The rules that govern content/brand relationships with consumers have changed A LOT in the past few years. In this video, Jim Sabey (who helps manage Beyoncé's brand) rallies against clickbait compulsions and insists instead on being authentic in how you present content to your followers.

Live on Tuesday | Personal finance in the COVID-19 era

Sallie Krawcheck and Bob Kulhan will be talking money, jobs, and how the pandemic will disproportionally affect women's finances.

Women who go to church have more kids—and more help

Want help raising your kids? Spend more time at church, says new study.

Pixabay
Culture & Religion
  • Religious people tend to have more children than secular people, but why remains unknown.
  • A new study suggests that the social circles provided by regular church going make raising kids easier.
  • Conversely, having a large secular social group made women less likely to have children.
Keep reading Show less

Bubonic plague case reported in China

Health officials in China reported that a man was infected with bubonic plague, the infectious disease that caused the Black Death.

(Photo by Centers for Disease Control and Prevention/Getty Images)
Coronavirus
  • The case was reported in the city of Bayannur, which has issued a level-three plague prevention warning.
  • Modern antibiotics can effectively treat bubonic plague, which spreads mainly by fleas.
  • Chinese health officials are also monitoring a newly discovered type of swine flu that has the potential to develop into a pandemic virus.
Keep reading Show less

Leonardo da Vinci could visually flip between dimensions, neuroscientist claims

A neuroscientist argues that da Vinci shared a disorder with Picasso and Rembrandt.

Christopher Tyler
Mind & Brain
  • A neuroscientist at the City University of London proposes that Leonardo da Vinci may have had exotropia, allowing him to see the world with impaired depth perception.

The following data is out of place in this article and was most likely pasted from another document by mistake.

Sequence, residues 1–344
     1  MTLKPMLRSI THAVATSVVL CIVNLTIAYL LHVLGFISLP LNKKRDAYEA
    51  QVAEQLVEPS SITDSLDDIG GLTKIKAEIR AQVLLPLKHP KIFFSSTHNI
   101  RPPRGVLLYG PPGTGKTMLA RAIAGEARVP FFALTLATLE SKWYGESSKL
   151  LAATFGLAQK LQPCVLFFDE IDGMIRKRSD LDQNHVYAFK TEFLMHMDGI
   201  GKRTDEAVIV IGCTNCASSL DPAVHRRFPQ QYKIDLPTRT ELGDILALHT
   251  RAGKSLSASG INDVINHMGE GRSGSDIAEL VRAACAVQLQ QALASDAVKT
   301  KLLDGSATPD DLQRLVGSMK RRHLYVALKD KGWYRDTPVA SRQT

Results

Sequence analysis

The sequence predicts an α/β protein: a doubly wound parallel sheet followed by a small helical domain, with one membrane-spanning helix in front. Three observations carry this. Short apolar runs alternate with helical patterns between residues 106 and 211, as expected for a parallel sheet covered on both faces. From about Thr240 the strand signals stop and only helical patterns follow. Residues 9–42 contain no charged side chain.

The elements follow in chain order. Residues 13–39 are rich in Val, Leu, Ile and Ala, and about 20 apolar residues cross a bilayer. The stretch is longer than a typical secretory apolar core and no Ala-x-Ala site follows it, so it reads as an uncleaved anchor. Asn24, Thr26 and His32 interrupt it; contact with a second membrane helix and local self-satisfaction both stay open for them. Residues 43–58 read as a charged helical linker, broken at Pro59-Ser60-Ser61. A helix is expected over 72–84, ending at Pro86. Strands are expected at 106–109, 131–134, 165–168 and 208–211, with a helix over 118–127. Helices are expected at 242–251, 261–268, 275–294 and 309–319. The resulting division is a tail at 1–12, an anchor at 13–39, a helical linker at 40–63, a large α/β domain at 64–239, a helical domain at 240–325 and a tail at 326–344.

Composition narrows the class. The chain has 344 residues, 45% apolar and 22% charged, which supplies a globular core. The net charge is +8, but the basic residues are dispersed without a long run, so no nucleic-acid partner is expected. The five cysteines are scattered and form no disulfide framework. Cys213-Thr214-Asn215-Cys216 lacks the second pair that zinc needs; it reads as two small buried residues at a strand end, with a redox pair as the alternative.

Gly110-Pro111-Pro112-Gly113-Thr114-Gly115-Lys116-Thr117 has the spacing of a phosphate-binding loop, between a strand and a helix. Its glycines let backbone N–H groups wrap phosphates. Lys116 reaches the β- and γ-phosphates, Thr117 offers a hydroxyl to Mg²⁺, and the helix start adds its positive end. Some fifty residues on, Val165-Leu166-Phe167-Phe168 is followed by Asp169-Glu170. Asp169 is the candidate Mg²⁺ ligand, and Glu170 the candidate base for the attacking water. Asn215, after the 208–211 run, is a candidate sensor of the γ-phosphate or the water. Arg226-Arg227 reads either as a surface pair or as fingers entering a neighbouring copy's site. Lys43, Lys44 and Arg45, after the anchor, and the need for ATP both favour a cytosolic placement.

• If true, it means that Da Vinci would have been able to see the images he wanted to paint as they would have appeared on a flat surface.
  • The finding reminds us that sometimes looking at the world in a different way can have fantastic results.
Keep reading Show less

Education vs. learning: How semantics can trigger a mind shift

The word "learning" opens up space for more people, places, and ideas.

Future of Learning
  • The terms 'education' and 'learning' are often used interchangeably, but there is a cultural connotation to the former that can be limiting. Education naturally links to schooling, which is only one form of learning.
  • Gregg Behr, founder and co-chair of Remake Learning, believes that this small word shift opens up the possibilities in terms of how and where learning can happen. It also becomes a more inclusive practice, welcoming in a larger, more diverse group of thinkers.
  • Post-COVID, the way we think about what learning looks like will inevitably change, so it's crucial to adjust and begin building the necessary support systems today.
Keep reading Show less
Quantcast